Treasury commissioned two public health researchers from Otago University to examine Stats NZ longitudinal survey data on family incomes. The report from Otago University is here and an analysis by Treasury here.
I think income mobility is far far more important than income inequality. I do not think there is much merit in insisting that an untrained unskilled 18 year old should be earning the same as a 50 year old professional with 30 years of experience.
100 years ago in the United Kingdom there was little income mobility. Those families with wealth tended to keep it, and poor families stayed poor. I can understand the appeal of socialism 100 years ago. But today, while of course not perfect, there is greater income mobility. The knowledge economy especially means that land and capital are not as important as previously. More and more of the world’s billionaires and millionaires created their fortune, rather than inherited it. This graph from the analysis shows the situations in New Zealand over just a seven year period from 2002 to 2009.
So of the families who were in the bottom 10% of family income – in just seven years, 74% of them were no longer in the bottom decile. And only 46% of those in the top decile were still there seven years later.
By far the biggest characteristic indicating likely persistent deprivation is being a sole parent family.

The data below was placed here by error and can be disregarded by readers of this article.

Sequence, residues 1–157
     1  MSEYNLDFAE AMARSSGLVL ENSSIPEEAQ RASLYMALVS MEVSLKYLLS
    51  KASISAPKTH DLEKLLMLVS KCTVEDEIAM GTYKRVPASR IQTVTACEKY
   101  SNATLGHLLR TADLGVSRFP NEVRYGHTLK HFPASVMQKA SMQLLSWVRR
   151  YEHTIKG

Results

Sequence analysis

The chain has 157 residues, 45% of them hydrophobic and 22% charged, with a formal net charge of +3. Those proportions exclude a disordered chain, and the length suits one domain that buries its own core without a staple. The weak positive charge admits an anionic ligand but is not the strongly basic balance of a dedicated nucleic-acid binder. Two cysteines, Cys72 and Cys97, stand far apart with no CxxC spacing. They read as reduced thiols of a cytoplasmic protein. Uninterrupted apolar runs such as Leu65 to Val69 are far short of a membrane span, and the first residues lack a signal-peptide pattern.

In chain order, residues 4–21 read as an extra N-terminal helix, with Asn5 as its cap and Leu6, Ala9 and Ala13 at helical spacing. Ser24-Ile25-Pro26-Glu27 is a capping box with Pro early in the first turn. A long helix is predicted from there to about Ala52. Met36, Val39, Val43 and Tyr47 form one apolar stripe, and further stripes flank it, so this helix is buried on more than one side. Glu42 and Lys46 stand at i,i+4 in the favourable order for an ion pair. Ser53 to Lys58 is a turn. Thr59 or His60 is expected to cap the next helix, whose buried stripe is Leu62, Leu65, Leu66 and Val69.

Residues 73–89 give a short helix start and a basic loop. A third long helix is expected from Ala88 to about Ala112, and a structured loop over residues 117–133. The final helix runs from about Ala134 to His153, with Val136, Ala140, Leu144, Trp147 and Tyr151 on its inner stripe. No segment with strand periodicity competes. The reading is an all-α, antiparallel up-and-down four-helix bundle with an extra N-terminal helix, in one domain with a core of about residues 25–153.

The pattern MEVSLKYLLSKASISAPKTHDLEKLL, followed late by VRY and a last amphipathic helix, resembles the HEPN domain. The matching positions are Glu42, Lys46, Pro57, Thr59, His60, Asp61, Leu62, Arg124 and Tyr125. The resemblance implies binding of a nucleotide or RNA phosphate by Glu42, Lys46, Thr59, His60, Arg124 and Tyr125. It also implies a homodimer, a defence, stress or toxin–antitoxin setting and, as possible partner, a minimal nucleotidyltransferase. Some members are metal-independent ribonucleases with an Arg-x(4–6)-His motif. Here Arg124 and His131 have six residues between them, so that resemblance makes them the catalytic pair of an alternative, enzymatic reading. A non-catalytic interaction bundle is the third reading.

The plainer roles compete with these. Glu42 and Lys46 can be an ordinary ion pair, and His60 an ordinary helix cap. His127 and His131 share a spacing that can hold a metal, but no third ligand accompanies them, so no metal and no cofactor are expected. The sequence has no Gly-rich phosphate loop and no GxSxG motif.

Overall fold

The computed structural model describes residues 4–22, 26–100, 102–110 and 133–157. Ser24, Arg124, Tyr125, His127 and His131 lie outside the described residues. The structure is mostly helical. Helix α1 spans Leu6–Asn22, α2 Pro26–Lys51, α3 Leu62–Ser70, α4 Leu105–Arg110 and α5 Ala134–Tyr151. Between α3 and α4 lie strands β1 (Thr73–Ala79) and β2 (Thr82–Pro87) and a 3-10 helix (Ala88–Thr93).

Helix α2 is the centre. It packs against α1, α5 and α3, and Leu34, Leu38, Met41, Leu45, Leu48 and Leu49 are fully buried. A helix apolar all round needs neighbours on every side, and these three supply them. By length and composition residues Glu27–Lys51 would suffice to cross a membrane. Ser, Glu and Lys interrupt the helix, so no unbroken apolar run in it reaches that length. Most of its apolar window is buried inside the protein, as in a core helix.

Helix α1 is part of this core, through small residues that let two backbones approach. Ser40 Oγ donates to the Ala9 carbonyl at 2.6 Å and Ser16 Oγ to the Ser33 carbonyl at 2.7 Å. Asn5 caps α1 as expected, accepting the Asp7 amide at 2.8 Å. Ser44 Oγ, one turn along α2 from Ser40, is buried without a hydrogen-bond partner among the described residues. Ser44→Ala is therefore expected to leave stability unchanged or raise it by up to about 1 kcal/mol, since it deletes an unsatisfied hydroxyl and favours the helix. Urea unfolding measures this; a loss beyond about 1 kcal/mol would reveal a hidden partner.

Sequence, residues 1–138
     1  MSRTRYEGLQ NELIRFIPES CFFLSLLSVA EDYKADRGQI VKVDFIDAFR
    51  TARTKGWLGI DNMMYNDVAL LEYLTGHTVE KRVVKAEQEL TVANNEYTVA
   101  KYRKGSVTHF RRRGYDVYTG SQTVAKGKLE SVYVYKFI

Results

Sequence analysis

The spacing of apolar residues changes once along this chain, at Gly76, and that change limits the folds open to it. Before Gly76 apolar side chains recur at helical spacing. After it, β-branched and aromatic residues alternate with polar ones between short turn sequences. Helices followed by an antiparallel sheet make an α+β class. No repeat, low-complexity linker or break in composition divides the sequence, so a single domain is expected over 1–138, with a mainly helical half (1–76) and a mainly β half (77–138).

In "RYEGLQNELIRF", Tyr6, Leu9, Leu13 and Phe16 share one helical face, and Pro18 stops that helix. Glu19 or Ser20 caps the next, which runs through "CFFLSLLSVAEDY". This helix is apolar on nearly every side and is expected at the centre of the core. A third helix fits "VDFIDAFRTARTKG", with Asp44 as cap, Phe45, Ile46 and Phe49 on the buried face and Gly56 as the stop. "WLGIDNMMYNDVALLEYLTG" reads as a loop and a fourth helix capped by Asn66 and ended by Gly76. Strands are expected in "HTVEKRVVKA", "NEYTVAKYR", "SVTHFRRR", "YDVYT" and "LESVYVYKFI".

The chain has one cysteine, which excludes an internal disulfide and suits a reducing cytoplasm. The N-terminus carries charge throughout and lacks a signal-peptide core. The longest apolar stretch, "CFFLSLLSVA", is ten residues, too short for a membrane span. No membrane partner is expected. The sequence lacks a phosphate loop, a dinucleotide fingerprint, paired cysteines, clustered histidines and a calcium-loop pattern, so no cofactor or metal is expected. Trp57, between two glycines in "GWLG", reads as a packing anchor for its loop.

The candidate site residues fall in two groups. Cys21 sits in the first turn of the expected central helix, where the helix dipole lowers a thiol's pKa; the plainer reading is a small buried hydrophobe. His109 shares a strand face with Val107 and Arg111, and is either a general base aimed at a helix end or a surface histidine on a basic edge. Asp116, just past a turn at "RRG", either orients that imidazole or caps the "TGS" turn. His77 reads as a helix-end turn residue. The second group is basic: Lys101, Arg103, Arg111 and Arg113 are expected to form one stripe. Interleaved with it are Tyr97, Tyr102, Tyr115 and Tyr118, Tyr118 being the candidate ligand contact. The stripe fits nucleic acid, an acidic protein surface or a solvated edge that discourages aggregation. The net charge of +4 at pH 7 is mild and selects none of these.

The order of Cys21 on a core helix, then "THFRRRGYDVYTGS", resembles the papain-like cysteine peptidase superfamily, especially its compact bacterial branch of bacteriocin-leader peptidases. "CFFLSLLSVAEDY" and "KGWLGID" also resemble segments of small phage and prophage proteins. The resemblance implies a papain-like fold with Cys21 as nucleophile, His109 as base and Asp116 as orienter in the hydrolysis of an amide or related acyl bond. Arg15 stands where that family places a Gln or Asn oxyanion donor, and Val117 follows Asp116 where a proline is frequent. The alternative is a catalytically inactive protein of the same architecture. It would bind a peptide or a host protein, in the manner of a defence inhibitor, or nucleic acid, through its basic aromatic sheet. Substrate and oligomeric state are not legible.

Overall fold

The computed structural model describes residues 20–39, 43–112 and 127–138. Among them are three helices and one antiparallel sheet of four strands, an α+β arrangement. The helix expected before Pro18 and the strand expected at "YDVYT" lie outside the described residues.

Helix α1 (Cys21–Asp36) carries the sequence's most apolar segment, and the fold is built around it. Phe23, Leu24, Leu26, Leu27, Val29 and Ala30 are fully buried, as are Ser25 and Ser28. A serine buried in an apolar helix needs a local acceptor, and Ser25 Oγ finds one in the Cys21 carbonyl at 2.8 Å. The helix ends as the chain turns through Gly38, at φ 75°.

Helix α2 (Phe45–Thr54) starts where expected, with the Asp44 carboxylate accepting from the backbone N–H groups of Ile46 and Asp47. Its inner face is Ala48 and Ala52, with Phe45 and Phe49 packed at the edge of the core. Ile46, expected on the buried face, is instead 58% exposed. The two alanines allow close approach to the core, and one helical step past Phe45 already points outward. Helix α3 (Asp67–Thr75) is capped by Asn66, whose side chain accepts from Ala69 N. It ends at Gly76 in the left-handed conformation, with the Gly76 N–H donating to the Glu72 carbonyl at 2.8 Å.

Also of interest is that only a third of familes who spent the whole seven years on low income had been in deprivation at any point.
The Treasury’s conclusions:
- Policy should emphasise mobility, deprivation and persistent low income
- Policy should be designed with mobility in mind
- Targeting policy effectively can be difficult
- Solo parents are perhaps the group to be most concerned about
Income inequality is used by the left to argue for higher taxes and more welfare. But as I said I do not accept that there is a problem that an 18 year old with no mortgage, no kids, no skills, no experience is paid less than someone with decades of experience. What we want is the ability for that 18 year old to get a job, to get education and training, to earn more over time and not spend a lengthy period of time (if any) in deprivation or hardship.
Some other stats:
- Around 47% of families moved at least two income deciles over seven years
- Over the seven years, 50% of families experience low income at least once
- But 43% of those who had low income, only had it for one or two of the seven years
- Sole parents are 12% of families but over 50% of those in persistent deprivation
This is one of the reasons why I think the welfare reforms are so important.Tags: income inequality, income mobility, Otago University, Treasury, welfare reform